It’s hard to not root for D. Watkins. A self-made scholar whose story started in the projects until he hustled his way to pay for college tuition, earning a Masters in education from Hopkins and an MFA in creative writing from the University of Baltimore. His aim is simple: to tell concrete truths about the conditions that hold back the black community in Baltimore, all in language that anyone can understand.
His first collection of these essays, The Beast Side: Living and Dying while Black in America (Hot Books / Skyhorse, September 2015) is the book equivalent to the banger rap tracks that Watkins references and is inspired by. Covering everything from the availability of nutritional foods within the projects (there aren’t any), to the time-suck that is Instagram, Watkins rallies against misconceptions and often ignored social conditions with the hard-won perspective of someone who has really been there. At less than 180 pages it’s an easy weekend burn-through that leaves you wanting more when you’ve finished. Don’t be surprised if you pour through it again.
Watkins artfully straddles the line between real and grotesque in essays like “Too Poor for Pop Culture” where he talks about cleaning to ward off the roaches, bottom-rail vodka card games, and using the oven to heat the house.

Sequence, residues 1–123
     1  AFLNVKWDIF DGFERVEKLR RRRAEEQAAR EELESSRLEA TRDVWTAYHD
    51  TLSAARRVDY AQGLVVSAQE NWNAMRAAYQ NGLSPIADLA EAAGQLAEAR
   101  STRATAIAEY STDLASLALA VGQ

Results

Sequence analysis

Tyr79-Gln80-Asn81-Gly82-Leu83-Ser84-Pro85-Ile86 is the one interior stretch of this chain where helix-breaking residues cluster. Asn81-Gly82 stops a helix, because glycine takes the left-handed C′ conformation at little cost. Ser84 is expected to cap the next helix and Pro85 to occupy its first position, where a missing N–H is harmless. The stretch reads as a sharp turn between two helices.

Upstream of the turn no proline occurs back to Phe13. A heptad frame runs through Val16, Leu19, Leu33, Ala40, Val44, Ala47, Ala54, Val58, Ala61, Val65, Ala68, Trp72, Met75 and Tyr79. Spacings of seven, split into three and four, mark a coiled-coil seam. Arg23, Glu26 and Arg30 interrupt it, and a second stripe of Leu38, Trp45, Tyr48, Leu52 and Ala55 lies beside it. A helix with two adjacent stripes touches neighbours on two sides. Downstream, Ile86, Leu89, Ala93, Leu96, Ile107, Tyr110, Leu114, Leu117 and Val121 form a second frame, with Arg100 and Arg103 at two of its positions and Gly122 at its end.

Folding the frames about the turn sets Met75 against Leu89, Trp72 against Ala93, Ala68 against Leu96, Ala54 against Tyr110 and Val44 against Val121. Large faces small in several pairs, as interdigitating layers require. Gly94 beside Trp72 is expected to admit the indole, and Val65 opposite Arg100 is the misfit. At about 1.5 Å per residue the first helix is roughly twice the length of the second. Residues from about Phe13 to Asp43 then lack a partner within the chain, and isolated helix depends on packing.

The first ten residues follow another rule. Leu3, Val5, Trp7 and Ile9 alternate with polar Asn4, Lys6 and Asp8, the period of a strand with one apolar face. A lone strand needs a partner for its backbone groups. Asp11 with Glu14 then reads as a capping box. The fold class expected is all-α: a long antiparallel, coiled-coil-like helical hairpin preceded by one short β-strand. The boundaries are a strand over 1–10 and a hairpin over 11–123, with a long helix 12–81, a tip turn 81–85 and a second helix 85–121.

This essay points out the obvious economic disparity that must exist in a country where the president takes a ‘selfie’ when a whole section of the population is ignorant to what a “selfie” is due to the limitations of poverty. Watkins himself recalls living both sides of life, the luxury and wealth of drug dealing—”I used to live at Whole foods, I used to only buy top shelf”—to the scrape existence of teaching as an adjunct at three different universities, substituting, writing, and freelancing just to make ends meet.
Articulating the need for a serious attitude adjustment and cultural reform in his essay “My Neighborhood Revolution,” in which Watkins’ friend Dub asking him to read him a letter sent from his estranged daughter because Dub himself cannot read. The moment makes Watkins’ wonder how a forty-five year old can make it this far without reading, ultimately influencing Watkins’ to dedicate himself to changing the illiteracy figures in his community. Pushing himself to produce more content for people who think “reading is boring,” when reading is one of the last skills that challenge you to change your thinking. Watkins himself reflects how reading changed him in a matter of months from being hot-headed to rational; able to settle disputes without broken bottles or gun play.
Individually, Watkins’ essays come off as singular gems; content you come across on the internet and file under not to be missed. But, placed into one collection, Watkins’ essays pull off illustrating the unceasing nature of challenges from every direction that face black Americans—from food choices, traffic stops, and the occasional drive by shooting—with the dark humor and unflinching perspective of someone who lived it.
The Beast Side is worth your time, for what’s inside, and the need you’re going to feel to throw it in front of everyone you know.
Cover illustration credit: Aaron Maybin.